About Me

I hold multiple NRA Instructor credentials, as well as SabreRed Pepper Spray. I have my own training company in Northern Virginia, www.FemaleandArmed.com and am focusing primarily on teaching women, especially those who are new to shooting.

I am also the author of 4 books, available on Amazon, and at many major outlets. I am a contributing writer for Combat Handgun Magazine and Women and Guns Magazine.

Thank you for following along with me as this journey continues.

Safe Shooting!


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Thoughts, comments and insights for women who shoot and the men who love us!

Sunday, September 2, 2012

Do you Practice for Real Life?

Are you a marksmanship shooter of a Self Defense Carry Shooter.  If you are a marksmanship shooter, enjoy, but this isn't for you.  This is for the person who carries a firearm for personal defense.

How do you practice when you go to the range?  Assuming your range lets you draw from a holster, do you?  Do you clear your cover garment, then draw or tuck in first? Do you drop you mag when it is empty as you are reaching for the next one?  Do you shoot at 25 feet or less? Do you use your sights? Do you shoot slow and methodical for rapid fire 2 to 5 shots, and come back into a ready position or even re-holster?

In a threat situation, you may not have time to get a great sight picture, so do you shoot silhouettes and aim for high center mass?  If you are making one big hole, you are probably shooting too slow, if you are all over the target, maybe a little too fast.  Think of the goal of getting all of your shoots in about 6-8 inches, high center mass, with as much speed as you can. 


Are you catching your mag or dropping it?  Mags are expensive, yes, but not fragile.  If it breaks that easily, you probably didn't want it in your carry gun.  Plus it adds seconds to your reload if you are catching and laying down your empty mag and then reaching for your fresh one...seconds you might not have.  Do you watch you mag go in, or do you index so you can feel it (index finger along the front to help guide it in).  If you are looking at your mag, you aren't looking at, or for, the threat.  Practice loading without looking.  It is easier than you think.  Also, keep the gun high and close in your workspace.  Insert the magazine and bring your hand up and over to rack the slide, one smooth motion that flows together like dance steps.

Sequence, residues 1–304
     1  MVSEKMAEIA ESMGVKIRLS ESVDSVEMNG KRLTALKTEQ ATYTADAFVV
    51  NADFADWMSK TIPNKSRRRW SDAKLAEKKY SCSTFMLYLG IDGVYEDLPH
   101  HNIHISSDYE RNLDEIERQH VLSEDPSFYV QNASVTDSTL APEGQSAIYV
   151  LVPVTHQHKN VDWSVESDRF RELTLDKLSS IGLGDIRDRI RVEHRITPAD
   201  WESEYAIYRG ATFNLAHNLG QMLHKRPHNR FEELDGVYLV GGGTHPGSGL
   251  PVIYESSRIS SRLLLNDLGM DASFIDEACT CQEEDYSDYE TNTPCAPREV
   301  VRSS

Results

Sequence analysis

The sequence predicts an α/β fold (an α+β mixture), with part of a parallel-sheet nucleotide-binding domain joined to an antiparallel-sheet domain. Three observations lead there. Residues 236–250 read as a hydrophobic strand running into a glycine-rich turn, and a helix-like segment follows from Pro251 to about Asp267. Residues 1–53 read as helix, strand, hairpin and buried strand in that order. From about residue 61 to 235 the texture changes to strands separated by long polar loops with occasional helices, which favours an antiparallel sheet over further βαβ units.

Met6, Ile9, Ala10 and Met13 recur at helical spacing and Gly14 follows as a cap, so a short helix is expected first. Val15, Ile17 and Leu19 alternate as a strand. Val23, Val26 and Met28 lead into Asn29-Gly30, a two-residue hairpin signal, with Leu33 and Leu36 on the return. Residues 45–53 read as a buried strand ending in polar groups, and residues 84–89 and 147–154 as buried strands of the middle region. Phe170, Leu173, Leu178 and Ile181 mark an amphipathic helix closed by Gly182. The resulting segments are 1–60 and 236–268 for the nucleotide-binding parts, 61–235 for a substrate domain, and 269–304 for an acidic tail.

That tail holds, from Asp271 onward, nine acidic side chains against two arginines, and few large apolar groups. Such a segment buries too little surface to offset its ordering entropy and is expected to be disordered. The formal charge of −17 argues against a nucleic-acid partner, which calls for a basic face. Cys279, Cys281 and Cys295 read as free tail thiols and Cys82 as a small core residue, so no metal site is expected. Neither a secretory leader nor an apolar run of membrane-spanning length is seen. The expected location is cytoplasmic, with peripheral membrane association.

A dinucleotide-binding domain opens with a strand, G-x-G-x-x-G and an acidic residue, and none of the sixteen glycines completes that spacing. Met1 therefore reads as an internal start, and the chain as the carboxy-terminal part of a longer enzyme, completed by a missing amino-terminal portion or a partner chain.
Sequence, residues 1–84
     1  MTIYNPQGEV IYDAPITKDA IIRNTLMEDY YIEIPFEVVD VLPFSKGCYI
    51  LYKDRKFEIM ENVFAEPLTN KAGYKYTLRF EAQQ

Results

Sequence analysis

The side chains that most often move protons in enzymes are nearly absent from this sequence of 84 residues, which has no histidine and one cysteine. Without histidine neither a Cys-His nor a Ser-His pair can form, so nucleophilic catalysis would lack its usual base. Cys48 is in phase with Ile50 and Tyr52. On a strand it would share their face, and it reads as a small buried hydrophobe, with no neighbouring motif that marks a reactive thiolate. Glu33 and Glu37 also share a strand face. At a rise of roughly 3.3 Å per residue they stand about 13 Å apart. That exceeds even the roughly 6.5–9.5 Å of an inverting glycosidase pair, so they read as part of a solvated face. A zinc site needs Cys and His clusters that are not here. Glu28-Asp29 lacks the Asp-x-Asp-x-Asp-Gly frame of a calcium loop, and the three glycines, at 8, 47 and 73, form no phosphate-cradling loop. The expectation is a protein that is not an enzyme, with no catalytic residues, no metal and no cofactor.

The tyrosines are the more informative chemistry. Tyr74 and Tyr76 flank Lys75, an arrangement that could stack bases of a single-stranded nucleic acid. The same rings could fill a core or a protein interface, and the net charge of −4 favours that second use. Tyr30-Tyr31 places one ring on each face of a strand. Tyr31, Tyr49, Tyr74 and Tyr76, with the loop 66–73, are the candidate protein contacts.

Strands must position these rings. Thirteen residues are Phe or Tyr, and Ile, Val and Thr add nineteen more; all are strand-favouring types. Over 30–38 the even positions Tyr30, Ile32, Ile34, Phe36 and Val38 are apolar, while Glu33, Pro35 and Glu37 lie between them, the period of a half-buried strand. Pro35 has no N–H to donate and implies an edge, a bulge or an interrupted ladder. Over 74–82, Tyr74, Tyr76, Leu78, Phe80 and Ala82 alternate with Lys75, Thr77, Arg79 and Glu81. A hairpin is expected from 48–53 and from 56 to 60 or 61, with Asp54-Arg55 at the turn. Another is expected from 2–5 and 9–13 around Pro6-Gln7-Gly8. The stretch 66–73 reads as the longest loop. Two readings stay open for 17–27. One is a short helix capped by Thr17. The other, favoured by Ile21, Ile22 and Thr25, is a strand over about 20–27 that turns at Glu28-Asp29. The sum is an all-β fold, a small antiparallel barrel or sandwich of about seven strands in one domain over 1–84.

Don't count your shots so you don't anticipate the reload.  If you are shooting with a buddy, have them give you the command for when to draw and fire so you aren't anticipating quite as much.

Have fun with your shooting but practice like you life might depend on it!

Safe shooting!

5 comments:

  1. Yep, right on the button!! If you're not training like you fight - you're not training!

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  2. This is a timely post. I realized today at my match that I've been slipping in my practicing. I waited far too long for the perfect shot instead of shooting by instinct like I used to. I've begun second-guessing myself and that's never a good thing. Back to dry fire and using the timer.

    I was, however, trained to retain my mags. It is a conscious effort for me to drop them on the ground. Considering the person who trained me has been there/done that for most of his adult life, I'll keep with that. But...it takes lots of practice to be able to do so without slowing you down and I realize that it's not a practice often taught.

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    Replies
    1. I caught mine, too, until I was convinced of the logic of letting them fall while reaching for the re-load. It wa a tough habit, but there is a lot of empirical evidence that shows the second you lose can make the difference in your survival.

      Be well!

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  3. I don't know of any places locally that let you draw from a holster. To do that, we have to go to someone's house that has a bunch of land, and set up a target on the back 200 acres.

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  4. that's too bad. The range I go to let's us draw but from strong side hip only. I practice other styles with a blue gun, still like strong side hip.

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